Back in the blue

PADI advanced open water diver diving thaiand koh lantaThe season is slowly catching momentum here on Koh Lanta. Friends and colleagues meeting up again at restaurants, schools, dive centers and on the dive boats. New staff members are introduced. It’s a happy crowd with expectations for the upcoming months.

After a summer of nice diving in Sweden and the Mediterranean, I do my first dives for the season on beautiful Koh Bida Nok and Hin Bida, followed by a day at Koh Haa. It’s an Advanced Open Water course, five dives to broadening the students experience and knowledge of diving.

Bida Nok is at its best, crystal clear water, no current and an abundance of life as we do the Peak Performance Buoyancy dive, playing with weights, hovering around, laughing the mask full and pausing to watch a sea krait pass by, or a particular pretty dotted box fish nearby.

At Hin Bida we do a Fish ID, identifying what we see to read further about fishes amazing characteristics on the boat later.
Schools of Glass fish and fusilier in thousands are drifting, moving like clouds between the corals. We get to watch the amazing propulsion of a cuttle fish, when suddenly, a beautiful leopard shark slowly approaches us and pass close by.

The second day at Koh Haa, we do a deep dive to 28m outside Koh Haa#4, checking what happens with the colors at depth, then visiting the clownfish and get to follow a Peacock Mantis shrimp run over the sand.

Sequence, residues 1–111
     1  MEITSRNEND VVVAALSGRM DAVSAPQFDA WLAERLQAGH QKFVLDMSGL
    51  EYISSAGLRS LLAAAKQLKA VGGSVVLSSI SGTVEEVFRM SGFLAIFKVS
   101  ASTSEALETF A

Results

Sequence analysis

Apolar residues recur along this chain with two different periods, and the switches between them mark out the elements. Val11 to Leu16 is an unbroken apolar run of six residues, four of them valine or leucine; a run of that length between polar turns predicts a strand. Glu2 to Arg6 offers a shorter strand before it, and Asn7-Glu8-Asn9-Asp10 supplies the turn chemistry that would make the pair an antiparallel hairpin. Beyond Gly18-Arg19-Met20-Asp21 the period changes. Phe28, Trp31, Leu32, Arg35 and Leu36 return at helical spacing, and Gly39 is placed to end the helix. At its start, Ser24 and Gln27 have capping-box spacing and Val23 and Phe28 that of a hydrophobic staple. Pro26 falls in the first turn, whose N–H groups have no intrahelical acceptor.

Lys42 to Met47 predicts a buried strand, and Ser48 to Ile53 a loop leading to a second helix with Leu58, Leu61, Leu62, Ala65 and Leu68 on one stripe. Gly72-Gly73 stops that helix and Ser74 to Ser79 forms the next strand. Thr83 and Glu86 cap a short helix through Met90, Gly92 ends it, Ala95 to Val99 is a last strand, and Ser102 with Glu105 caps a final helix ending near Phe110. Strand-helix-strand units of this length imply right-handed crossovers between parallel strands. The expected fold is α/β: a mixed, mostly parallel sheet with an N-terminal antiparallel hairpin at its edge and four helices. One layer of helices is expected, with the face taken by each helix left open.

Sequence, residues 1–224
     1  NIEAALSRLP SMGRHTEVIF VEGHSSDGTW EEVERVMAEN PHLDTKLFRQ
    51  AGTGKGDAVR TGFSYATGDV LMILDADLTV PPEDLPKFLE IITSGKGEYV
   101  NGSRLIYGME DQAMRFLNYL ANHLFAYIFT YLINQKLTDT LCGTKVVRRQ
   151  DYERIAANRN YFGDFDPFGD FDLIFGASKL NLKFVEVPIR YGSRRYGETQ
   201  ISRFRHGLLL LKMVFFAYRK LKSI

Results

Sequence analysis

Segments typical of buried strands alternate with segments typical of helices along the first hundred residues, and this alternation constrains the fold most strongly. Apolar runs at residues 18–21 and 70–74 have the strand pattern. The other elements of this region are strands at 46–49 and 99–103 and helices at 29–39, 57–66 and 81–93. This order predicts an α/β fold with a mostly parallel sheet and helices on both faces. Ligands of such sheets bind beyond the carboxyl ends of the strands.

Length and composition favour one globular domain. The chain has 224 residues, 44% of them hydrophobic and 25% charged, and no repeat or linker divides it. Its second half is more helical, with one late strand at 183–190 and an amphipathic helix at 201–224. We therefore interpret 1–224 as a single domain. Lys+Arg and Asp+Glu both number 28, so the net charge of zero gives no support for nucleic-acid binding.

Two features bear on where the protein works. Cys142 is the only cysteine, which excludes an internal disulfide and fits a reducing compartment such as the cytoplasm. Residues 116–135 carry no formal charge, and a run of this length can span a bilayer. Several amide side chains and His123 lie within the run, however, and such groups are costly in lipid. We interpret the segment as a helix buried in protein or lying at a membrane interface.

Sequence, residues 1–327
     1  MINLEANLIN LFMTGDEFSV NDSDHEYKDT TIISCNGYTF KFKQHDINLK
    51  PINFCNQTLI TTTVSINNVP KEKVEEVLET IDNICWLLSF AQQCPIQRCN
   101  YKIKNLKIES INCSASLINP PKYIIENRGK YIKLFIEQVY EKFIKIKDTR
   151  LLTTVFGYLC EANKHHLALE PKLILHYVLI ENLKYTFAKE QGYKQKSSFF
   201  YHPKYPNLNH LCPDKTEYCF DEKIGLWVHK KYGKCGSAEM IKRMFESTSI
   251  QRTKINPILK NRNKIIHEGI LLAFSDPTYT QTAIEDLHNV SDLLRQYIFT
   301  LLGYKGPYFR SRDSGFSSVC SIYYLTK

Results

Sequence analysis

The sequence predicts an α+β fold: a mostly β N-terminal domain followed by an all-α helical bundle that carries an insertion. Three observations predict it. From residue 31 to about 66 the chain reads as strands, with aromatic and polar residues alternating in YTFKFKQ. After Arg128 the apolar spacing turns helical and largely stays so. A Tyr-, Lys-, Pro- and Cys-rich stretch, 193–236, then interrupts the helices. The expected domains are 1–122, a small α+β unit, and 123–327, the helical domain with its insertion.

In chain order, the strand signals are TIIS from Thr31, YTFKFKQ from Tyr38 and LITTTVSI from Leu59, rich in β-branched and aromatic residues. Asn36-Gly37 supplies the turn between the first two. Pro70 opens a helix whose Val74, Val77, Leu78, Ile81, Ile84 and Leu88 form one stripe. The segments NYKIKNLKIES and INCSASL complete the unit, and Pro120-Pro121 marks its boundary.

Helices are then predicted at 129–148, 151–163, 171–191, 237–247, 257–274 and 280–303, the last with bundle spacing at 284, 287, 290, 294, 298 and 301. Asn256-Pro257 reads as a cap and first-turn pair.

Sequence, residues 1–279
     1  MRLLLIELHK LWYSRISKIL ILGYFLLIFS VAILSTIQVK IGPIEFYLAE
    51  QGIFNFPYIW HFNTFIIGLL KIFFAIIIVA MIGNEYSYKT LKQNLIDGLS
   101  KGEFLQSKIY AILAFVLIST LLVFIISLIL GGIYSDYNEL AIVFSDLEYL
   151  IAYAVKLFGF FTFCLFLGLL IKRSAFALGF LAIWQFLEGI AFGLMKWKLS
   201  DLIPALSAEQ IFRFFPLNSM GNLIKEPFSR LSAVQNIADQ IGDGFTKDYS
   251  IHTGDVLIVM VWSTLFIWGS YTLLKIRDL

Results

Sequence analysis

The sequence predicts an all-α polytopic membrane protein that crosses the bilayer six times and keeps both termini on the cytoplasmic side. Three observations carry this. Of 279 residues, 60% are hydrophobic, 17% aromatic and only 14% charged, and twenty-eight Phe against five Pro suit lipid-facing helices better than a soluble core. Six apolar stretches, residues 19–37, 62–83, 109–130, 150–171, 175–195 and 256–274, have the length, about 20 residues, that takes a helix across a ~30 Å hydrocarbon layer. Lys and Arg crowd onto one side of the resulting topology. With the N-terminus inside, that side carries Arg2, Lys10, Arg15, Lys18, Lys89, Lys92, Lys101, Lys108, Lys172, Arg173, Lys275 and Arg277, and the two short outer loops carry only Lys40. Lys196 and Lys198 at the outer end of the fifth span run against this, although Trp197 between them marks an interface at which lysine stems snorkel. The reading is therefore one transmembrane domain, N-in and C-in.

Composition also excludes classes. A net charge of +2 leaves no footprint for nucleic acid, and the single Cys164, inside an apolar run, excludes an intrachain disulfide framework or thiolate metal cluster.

A navigation dive and a drift dive later, the world has another PADI Advanced Open Water Diver! Congratulations Samantha!

I love my work!

 

Joachim Schmidt

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Weird Creature of the month – November

Cuttlefish are marine animals of the order Sepiida. They belong to the class Cephalopodan (which also includes squid, octopuses, and nautiluses). Despite their name, cuttlefish are not fish, but molluscs.

Cuttlefish have an internal shell (the cuttlebone), large W-shaped pupils, and eight arms and two tentacles furnished with denticulate suckers, with which they secure their prey. They generally range in size from 15 cm (5.9 in) to 25 cm, with the largest species, Sepia apama, reaching 50 cm in mantle length and over 10.5 kg in weight.

Cuttlefish eat small molluscs, crabs, shrimp, fish, octopuses, worms, and other cuttlefish. Their predators include dolphins, sharks, fish, seals, seabirds and other cuttlefish. Their life expectancy is about one to two years. Recent studies indicate that cuttlefish are among the most intelligent invertebrates. Cuttlefish also have one of the largest brain-to-body size ratios of all invertebrates. They are sometimes referred to as the chameleon of the sea because of their remarkable ability to rapidly alter their skin color at will. Cuttlefish change color and light polarisation to communicate to other cuttlefish and to camouflage themselves from predators.
Diving Thailand Cuttlefish